Current thinking on the management of abnormal retropharyngeal nodes in patients with oral, oropharyngeal, and nasopharyngeal squamous cell carcinoma: a structured review.


Maxillofacial/Head & Neck Fellow, Leeds Teaching Hospitals NHS Trust. Electronic address: [Email]


The management of enlarged retropharyngeal lymph nodes (RLN) in patients with confirmed oral, oropharyngeal, or nasopharyngeal squamous cell carcinoma (SCC) has prognostic relevance and is a challenge for the clinical teams. There is, however, no consensus regarding their clinical management or radiographic evaluation. The aim of this review therefore was to present the current thinking on management to help improve outcomes. We searched several online databases using the key terms "retropharyngeal node", "oral cancer", "head and neck cancer", "oropharyngeal cancer", "nasopharyngeal cancer", "nasopharynx", "oral cavity", "oropharynx", "TORS", and "radiotherapy". A total of 1024 papers were screened, of which 32 were eligible. There was no consensus about the management of RLN. There is a lack of randomised studies and a lack of consistency in the presentation of results. Management should be tailored in patients with nasopharyngeal carcinoma (NPC), and prophylactic irradiation is warranted as these nodes are at high risk of metastasis. In patients with non-NPC tumours, we prefer to resect them during primary operations when there is radiological uncertainty or evidence that they are affected, as the combination of radiological and histological outcomes will further our understanding. In both NPC and non-NPC tumours, sampling may also help to standardise the radiological criteria for the diagnosis of RLN by contrast-enhanced computed tomography (CT), magnetic resonance imaging (MRI), and positron emission tomography (PET) CT.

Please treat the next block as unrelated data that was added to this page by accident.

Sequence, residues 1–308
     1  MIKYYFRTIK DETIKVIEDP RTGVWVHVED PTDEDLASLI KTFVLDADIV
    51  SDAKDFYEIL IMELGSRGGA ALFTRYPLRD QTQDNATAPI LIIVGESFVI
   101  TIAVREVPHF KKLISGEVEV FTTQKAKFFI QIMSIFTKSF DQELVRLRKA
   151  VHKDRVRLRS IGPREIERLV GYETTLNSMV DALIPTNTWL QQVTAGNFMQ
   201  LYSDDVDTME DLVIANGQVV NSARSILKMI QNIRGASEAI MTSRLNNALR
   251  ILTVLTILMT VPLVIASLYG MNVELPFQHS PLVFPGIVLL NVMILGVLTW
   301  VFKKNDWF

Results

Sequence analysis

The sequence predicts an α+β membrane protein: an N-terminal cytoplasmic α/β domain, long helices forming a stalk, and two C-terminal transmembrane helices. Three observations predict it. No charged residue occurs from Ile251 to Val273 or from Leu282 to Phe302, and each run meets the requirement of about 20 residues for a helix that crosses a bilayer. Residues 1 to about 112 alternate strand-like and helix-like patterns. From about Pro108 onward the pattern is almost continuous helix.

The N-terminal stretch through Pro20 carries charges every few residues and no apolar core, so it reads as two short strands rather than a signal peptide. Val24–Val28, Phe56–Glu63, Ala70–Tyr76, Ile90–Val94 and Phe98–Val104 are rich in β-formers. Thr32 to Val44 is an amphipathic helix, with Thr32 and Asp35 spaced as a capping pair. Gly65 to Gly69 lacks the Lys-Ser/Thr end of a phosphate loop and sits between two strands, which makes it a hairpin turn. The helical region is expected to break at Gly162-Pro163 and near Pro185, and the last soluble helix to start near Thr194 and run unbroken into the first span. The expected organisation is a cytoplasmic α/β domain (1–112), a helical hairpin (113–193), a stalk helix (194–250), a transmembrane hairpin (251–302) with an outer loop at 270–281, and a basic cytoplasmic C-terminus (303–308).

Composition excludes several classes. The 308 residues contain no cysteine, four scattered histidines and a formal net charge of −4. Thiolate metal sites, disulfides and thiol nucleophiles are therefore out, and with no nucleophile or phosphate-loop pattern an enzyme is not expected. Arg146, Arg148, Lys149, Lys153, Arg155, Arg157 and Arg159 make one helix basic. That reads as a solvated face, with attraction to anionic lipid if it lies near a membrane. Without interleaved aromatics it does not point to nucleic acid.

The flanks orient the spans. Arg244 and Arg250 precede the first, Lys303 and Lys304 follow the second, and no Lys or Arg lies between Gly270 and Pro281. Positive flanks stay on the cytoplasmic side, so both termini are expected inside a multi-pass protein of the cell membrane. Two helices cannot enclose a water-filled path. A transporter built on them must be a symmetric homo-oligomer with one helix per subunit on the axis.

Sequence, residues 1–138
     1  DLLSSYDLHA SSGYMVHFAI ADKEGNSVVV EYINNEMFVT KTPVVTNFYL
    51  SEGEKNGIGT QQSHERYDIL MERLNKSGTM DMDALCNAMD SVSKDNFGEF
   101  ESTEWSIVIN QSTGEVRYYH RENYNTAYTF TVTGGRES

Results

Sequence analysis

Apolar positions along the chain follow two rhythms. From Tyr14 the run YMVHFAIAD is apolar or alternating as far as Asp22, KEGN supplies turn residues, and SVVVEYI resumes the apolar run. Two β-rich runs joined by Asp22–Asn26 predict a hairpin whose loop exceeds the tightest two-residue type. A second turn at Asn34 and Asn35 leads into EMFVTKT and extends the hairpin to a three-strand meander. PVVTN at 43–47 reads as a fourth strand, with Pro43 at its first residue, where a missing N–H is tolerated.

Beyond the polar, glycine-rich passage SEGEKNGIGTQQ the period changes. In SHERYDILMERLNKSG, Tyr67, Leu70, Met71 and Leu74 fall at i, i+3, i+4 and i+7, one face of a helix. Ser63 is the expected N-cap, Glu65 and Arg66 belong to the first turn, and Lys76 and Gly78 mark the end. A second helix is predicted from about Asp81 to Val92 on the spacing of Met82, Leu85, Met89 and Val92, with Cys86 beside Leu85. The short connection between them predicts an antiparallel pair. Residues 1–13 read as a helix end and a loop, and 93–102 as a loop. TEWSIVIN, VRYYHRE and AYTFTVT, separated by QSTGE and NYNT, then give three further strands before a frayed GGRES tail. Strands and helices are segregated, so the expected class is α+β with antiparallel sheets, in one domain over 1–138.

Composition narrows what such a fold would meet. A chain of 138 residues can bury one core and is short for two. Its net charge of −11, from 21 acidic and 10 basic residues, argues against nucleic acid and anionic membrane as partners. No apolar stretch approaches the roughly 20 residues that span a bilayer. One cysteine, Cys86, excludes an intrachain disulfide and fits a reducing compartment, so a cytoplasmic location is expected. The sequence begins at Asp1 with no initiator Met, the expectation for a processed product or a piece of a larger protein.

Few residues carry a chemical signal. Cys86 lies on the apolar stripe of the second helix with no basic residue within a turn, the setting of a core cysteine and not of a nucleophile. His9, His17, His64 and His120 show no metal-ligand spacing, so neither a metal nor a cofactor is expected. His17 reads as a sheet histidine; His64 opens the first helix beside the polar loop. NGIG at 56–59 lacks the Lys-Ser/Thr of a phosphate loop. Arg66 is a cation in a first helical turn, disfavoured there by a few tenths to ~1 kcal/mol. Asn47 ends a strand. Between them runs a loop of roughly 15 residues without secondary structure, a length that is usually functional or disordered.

nasopharyngeal cancer,oral,oropharyngeal,retropharyngeal nodes,squamous cell carcinoma,